Jack Churchill

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Churchill stares down the barrel of a captured Belgian 75mm field gun.

Lieutenant-Colonel Jack Malcolm Thorpe Fleming Churchill DSO MC,[1] (September 16, 1906March 8, 1996), nicknamed "Fighting Jack Churchill" and "Mad Jack", was a British soldier who fought throughout World War II armed with a bow, arrows and a claymore. He once said "any officer who goes into action without his sword is improperly dressed".


[edit] Early life

Born in Hong Kong to British parents and educated at King William's College on the Isle of Man, Churchill graduated from Sandhurst in 1926 and served in Burma with the Manchester Regiment. He left the army in 1936 and worked as a newspaper editor. He used his archery and bagpipe talents to play a small film role in the movie The Thief of Bagdad.

[edit] Second World War

Jack Churchill (far right) leads a training exercise, sword in hand, from a Eureka boat in Inveraray.

He resumed his commission after Poland was invaded, and volunteered for the Commandos after fighting at Dunkirk. Churchill was not sure what Commando Duty entailed, but he signed up because it sounded dangerous. In May 1940, Churchill and his unit, the Manchester Regiment, ambushed a German patrol near l'Epinette, France. Churchill gave the signal to attack by cutting down the enemy Feldwebel (sergeant) with his barbed arrows, becoming the only known British soldier to have felled an enemy with a longbow in the course of the war.[2]

He led two companies in Operation Archery, the raid on the German garrison at Vågsøy, Norway on December 27, 1941. As the ramps fell on the first landing craft, Churchill leapt forward from his position playing The March of the Cameron Men on bagpipes,[2] throwing a grenade and began running towards the bay.

For his actions at Dunkirk and Vaasgo, Churchill received the Military Cross and Bar. He received the Distinguished Service Order in 1943 for capturing the battery at Salerno, while commanding Number 2 Commando. Leading from the front, Churchill infiltrated the town with only a corporal in support. He kidnapped a sentry and forced him to make his comrades surrender. Churchill and the riflemen walked out of town with 42 prisoners and a mortar squad.

In 1944, he led Number 2 Commando in Yugoslavia, where they supported the efforts of Tito's partisans. The commandos raided the German-held island of Brač and assaulted Hill 622. Only Churchill and six others managed to reach the objective. A mortar shell killed or wounded everyone but Churchill, who played "Will Ye No Come Back Again?" on his pipes as the Germans advanced. He was knocked unconscious by grenades and was flown to Berlin for interrogation after being captured. He was placed in Sachsenhausen concentration camp.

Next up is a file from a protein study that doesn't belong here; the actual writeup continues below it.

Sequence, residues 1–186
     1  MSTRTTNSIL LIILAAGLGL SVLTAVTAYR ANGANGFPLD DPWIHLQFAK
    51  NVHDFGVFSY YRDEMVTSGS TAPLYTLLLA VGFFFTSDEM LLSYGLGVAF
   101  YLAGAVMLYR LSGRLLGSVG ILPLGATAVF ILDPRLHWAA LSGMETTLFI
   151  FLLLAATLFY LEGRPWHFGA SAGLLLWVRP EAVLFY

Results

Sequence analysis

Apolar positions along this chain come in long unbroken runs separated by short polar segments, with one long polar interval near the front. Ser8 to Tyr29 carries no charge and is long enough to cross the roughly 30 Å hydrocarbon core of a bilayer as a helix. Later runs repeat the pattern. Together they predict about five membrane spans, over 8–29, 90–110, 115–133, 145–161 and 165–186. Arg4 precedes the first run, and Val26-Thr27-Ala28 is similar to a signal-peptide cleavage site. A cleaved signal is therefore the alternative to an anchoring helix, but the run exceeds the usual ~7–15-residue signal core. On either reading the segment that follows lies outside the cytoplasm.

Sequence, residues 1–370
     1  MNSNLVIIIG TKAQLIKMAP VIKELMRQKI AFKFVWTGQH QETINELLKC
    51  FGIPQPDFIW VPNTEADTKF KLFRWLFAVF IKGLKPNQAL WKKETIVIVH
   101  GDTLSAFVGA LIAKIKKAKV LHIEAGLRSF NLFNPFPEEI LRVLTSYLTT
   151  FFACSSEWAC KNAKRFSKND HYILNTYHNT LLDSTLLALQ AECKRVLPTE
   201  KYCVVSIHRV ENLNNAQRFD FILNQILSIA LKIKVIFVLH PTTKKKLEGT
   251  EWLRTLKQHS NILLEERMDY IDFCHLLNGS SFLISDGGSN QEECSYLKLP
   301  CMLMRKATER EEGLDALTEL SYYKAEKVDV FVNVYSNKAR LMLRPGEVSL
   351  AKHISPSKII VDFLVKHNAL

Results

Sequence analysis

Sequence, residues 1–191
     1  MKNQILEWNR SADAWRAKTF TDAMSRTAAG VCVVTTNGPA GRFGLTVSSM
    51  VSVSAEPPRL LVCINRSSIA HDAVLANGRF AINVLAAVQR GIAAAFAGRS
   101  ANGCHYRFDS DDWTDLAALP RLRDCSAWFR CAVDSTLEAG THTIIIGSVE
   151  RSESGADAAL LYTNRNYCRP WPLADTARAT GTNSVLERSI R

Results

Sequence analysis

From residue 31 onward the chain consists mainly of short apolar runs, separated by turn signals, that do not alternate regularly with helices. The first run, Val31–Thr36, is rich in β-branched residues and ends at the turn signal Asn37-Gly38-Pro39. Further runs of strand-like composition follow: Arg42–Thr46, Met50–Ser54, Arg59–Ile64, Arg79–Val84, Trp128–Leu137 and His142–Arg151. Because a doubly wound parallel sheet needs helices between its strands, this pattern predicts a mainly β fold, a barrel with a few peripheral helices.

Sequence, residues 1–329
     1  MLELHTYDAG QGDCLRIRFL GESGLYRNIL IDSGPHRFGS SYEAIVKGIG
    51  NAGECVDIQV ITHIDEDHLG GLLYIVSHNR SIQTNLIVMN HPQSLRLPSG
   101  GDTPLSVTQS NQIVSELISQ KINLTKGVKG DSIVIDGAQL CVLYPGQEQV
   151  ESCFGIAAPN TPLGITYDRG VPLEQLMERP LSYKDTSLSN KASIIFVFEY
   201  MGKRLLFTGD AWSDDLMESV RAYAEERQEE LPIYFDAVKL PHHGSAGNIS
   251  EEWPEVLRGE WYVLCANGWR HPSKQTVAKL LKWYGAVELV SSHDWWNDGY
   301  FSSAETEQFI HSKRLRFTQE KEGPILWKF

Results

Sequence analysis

In September 1944, he and an RAF officer crawled under the wire through an abandoned drain and set out to walk to the Baltic coast; they were recaptured near the coastal city of Rostock, only a few miles from the sea. In late April 1945 Churchill was transferred to Tyrol together with about 140 other prominent concentration camp inmates, where the SS left the prisoners behind.[3]

He escaped from Niederdorf, Italy in April 1945 and walked 150 miles to Verona, Italy where he met an American armoured column.

As the Pacific War was still ongoing Churchill was sent to Burma, where the largest land battles against Japan were still raging, but by the time he reached India, Hiroshima and Nagasaki had been bombed, and the war abruptly ended. Churchill was said to be unhappy with the abrupt end of the war, saying it could have lasted ten more years if the Americans hadn't intervened[citation needed].

[edit] Later life

In 1946 Twentieth Century Fox was making Ivanhoe with Churchill’s old rowing companion Robert Taylor. The movie studio hired Churchill to appear as an archer, firing from the walls of Warwick Castle.

After World War II ended, Churchill qualified as a parachutist, transferred to the Seaforth Highlanders, and later ended up in Palestine as second-in-command of 1st Battalion, the Highland Light Infantry. In the spring of 1948, just before the end of the British mandate in the region, Churchill became involved in another conflict. Along with twelve of his soldiers, he attempted to assist the Hadassah medical convoy that came under attack by hundreds of Arabs.[4] Following the massacre, he coordinated the evacuation of 700 Jewish doctors, students and patients from the Hadassah hospital on the Hebrew University campus on Mount Scopus in Jerusalem.

In later years, Churchill served as an instructor at the land-air warfare school in Australia, where he became a passionate devotee of the surfboard. Back in England, he was the first man to ride the River Severn’s five-foot tidal bore and designed his own board.

He finally retired from the army in 1959, with two awards of the Distinguished Service Order, and died in Surrey in 1996.

[edit] References

  1. ^ Both the DSO and the MC were, by the end of his military career, awarded 'with bar', denoting second awards of each medal
  2. ^ a b Young, Peter. "Commando", 1969. Ballantine Books
  3. ^ georg-elser-arbeitskreis.de (German)
  4. ^ Smith (2005)

[edit] External links

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